Test-retest effects : No g gains in two independent samples

I analyze two studies who provide the necessary data for studying the test-retest effects, namely, Watkins (2007), Schellenberg (2004, 2006). Both used the Wechsler’s subtests, and the correlations between the IQ changes among those subtests with g-loadings are negative, in line with earlier studies on this topic.

Introduction. For instance, Skuy et al. (2002), Coyle (2006), Nijenhuis et al. (2001, 2007) as well as Reeve & Lam (2005, 2007), Lievens et al. (2007), Matton et al. (2009, 2011), Freund & Holling (2011), Arendasy & Sommer (2013), were able to demonstrate that test-retest effects (or experiences) through educational meanings are not related to the g factor.

Nijenhuis et al. (2007) analyzed the effects of the secular gain, showing a perfect (true) negative correlation with g. They also re-analyzed Skuy et al. (2002) data with the results that IQ gains evidenced in black, white, indian and colored participants who took the Mediated Learning Experience (MLE) were not g-loaded. The cognitive test was the well-known RSPM. Concretely, the authors correlated gain scores with pretest RSPM scores. Also, the decline they found in the total variance explained by the first unrotated factor loading, or g, in the post-test scores is likely due to the higher test sophistication following MLE. Nijenhuis (2001, p. 306) discussed this matter earlier. Skuy et al. (2002) showed earlier that those gains in the RSPM are not generalizable to other tests (e.g., Stencil) that require abstract thinking, and thus not g-loaded again, even if the black south african students improved more than did the white students. Matton et al. (2011) found more or less the same thing. While retakers scored higher than first-time test takers on ‘old’ tests, the first-time test takers on ‘new’ tests and those retakers do not score differently on these ‘new’ tests. They argue that differences in mean structure suggest violation of measurement invariance.

Coyle (2006, Table 3) found, using a mix of achievement and intelligence tests, that while the SAT is highly loaded on PC1, the SAT changes loaded significantly on PC2 with its loading on PC1 being (near) zero. He also demonstrates in a second analysis that, on the one hand, SAT scores predicts GPA but, on the other hand, SAT changes do not (Table 5).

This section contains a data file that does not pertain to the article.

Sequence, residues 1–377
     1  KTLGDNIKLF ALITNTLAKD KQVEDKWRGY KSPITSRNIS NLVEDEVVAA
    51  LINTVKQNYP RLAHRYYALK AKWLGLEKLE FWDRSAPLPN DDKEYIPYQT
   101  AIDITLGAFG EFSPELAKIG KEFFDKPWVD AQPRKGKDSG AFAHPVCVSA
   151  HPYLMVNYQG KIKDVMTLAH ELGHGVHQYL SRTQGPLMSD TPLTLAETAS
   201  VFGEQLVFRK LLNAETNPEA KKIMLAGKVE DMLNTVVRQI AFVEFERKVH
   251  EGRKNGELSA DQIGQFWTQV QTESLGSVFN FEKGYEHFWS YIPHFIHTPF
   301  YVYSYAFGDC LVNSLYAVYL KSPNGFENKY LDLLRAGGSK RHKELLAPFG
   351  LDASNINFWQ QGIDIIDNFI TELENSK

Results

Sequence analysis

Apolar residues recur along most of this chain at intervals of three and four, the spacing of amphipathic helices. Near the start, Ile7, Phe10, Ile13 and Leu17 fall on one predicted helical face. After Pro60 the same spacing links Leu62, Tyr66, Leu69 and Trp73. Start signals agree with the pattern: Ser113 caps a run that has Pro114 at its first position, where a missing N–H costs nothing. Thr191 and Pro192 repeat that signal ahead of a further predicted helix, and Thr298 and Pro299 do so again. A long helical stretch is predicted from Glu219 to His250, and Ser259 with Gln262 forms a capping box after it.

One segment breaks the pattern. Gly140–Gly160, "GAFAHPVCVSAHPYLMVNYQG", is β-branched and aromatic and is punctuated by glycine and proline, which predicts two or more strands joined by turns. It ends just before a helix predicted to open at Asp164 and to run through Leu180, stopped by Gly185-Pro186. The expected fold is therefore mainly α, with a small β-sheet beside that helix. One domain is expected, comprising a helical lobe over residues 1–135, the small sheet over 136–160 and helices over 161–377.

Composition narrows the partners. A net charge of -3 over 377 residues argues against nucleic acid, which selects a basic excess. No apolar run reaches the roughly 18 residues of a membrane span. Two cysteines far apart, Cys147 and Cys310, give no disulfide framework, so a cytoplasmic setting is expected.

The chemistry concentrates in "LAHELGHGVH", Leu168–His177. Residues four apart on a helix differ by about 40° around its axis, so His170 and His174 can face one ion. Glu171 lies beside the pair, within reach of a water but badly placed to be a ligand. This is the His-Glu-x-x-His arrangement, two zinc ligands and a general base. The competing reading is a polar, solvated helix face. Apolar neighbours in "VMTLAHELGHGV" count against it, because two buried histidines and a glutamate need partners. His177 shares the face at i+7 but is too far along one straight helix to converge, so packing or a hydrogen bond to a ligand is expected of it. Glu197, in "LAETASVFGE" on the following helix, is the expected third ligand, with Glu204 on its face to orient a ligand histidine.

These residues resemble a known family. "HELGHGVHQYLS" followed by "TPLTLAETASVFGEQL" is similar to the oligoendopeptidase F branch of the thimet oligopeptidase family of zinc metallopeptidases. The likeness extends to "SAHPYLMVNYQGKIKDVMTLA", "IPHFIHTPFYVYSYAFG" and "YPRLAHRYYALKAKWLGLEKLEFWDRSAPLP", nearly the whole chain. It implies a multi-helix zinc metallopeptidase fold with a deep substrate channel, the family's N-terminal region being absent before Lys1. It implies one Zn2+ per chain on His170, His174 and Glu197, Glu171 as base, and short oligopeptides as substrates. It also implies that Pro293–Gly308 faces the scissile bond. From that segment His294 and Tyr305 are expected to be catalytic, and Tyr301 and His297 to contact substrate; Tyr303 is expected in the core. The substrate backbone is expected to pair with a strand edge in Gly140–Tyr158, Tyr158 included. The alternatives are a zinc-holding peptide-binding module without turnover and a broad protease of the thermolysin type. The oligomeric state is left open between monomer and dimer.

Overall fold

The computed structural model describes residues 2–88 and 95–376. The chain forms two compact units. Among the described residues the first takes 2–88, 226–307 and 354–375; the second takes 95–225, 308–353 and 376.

Reeve & Lam (2007, Table 3) also correlate the vector of gain with the vector of g-loadings, with proof of a significant negative association. They also found (Table 4) that while test-taking motivation is somewhat associated with score gains in the IQ composite, the motivational factor does not display a consistent pattern of correlations with score gains among the IQ scales; negative in some domains and positive in others. But if, on one hand, such relationship is established and that, on the other hand, measurement invariance in retest effects is violated, this would mean that motivation does not improve g itself. This aside, the same authors (2005) found in a previous study, on the other hand, tenability of measurement invariance, and that gs (derived from independent CFAs) at day #1, day #2 and day #3 were strongly correlated (Table 5). They also showed (Table 6) that practice effect does not cause a significant change in the criterion related validity, as the g-factor score correlation with self-reported GPA does not change significantly across day #1, #2 and #3. Nevertheless, they note “Given that not all applicants may have had exposure to practice, differences in observed test scores may not accurately reflect individual differences on the construct of interest (i.e., g). That is, although the indicators on the test continue to relate to g and to narrow group factors in the same way across testing occasions, the observed total test score is likely to increase due to changes on either test-specific skills (i.e., skills not shared across the various scales) or other non-cognitive constructs. Thus, applicants who re-test are essentially being given the opportunity to boost observed scores by practicing those non-ability components. In addition to questions of fairness, such differences might alter the predictive validity of the observed total test scores (Sackett et al., 1989), even though the predictive validity of g and narrow group factors would remain unchanged.” (p. 546).